Gullah Days: Hilton Head Islanders Before the Bridge 1861-1956

Gullah Days: Hilton Head Islanders Before the Bridge 1861-1956 - Thomas C. Barnwell

Gullah Days: Hilton Head Islanders Before the Bridge 1861-1956

The inspiring post-Civil War history of the Gullah people on Hilton Head Island is told by their descendants.
The Gullah culture, though borne of isolation and slavery, thrived on the US East Coast sea islands from pre-Civil War times until today, and nowhere more prominently than on Hilton Head Island, SC. On this small barrier island descendants of the first generations of Gullah people continue to preserve Gullah language, customs, arts, and cuisine. The three authors of Gullah Days: Hilton Head Islanders Before the Bridge 1861-1956 are among those descendants, and in this book, they chronicle the amazing history of their secluded community from the Civil War through the 1950s, when real estate development connected Hilton Head Island to the mainland with a bridge.
The history of these Gullah islanders, little celebrated until now, is an amazing American story. Hilton Head Island was one of the first areas liberated by Union troops after Fort Sumter. With plantation owners absent, the society of formerly enslaved Gullah people embarked on the activities of freedom: enlisting in fighting for the Union army; creating the first black-governed community in the South, complete with a police force; and, when formal emancipation arrived, running for office, campaigning, and voting.
This book illustrates in vivid detail the story of that vibrant post-Civil War era and the tangled perils of Reconstruction that followed, along with all of the progress and setbacks of African Americans in the South over 150 years via the lives of Gullah Hilton Head Islanders. Authors rely on the historical records and amazing first-person accounts they have gathered from their relatives and other community members to tell this riveting story.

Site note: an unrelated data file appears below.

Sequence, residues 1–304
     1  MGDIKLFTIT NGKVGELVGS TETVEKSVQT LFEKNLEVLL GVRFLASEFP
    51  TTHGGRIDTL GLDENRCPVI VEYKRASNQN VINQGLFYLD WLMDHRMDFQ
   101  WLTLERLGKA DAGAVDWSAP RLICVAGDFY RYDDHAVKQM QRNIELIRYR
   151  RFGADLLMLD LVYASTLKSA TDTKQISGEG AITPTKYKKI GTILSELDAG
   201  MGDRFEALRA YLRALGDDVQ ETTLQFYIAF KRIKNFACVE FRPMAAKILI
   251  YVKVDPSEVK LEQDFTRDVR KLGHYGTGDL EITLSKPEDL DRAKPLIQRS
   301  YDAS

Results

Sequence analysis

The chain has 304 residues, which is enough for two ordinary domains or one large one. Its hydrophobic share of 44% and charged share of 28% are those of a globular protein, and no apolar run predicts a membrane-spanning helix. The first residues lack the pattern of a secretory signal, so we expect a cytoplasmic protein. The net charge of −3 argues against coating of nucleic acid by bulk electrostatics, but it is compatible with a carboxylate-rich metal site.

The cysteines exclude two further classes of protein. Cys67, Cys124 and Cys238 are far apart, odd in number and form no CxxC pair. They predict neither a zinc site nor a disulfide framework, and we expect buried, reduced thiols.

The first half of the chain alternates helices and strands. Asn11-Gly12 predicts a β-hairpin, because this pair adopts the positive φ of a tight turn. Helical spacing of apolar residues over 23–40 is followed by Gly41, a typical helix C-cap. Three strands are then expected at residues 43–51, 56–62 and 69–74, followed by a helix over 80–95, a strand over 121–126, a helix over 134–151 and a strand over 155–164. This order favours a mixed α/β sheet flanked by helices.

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The inspiring post-Civil War history of the Gullah people on Hilton Head Island is told by their descendants.
The Gullah culture, though borne of isolation and slavery, thrived on the US East Coast sea islands from pre-Civil War times until today, and nowhere more prominently than on Hilton Head Island, SC. On this small barrier island descendants of the first generations of Gullah people continue to preserve Gullah language, customs, arts, and cuisine. The three authors of Gullah Days: Hilton Head Islanders Before the Bridge 1861-1956 are among those descendants, and in this book, they chronicle the amazing history of their secluded community from the Civil War through the 1950s, when real estate development connected Hilton Head Island to the mainland with a bridge.
The history of these Gullah islanders, little celebrated until now, is an amazing American story. Hilton Head Island was one of the first areas liberated by Union troops after Fort Sumter. With plantation owners absent, the society of formerly enslaved Gullah people embarked on the activities of freedom: enlisting in fighting for the Union army; creating the first black-governed community in the South, complete with a police force; and, when formal emancipation arrived, running for office, campaigning, and voting.
This book illustrates in vivid detail the story of that vibrant post-Civil War era and the tangled perils of Reconstruction that followed, along with all of the progress and setbacks of African Americans in the South over 150 years via the lives of Gullah Hilton Head Islanders. Authors rely on the historical records and amazing first-person accounts they have gathered from their relatives and other community members to tell this riveting story.
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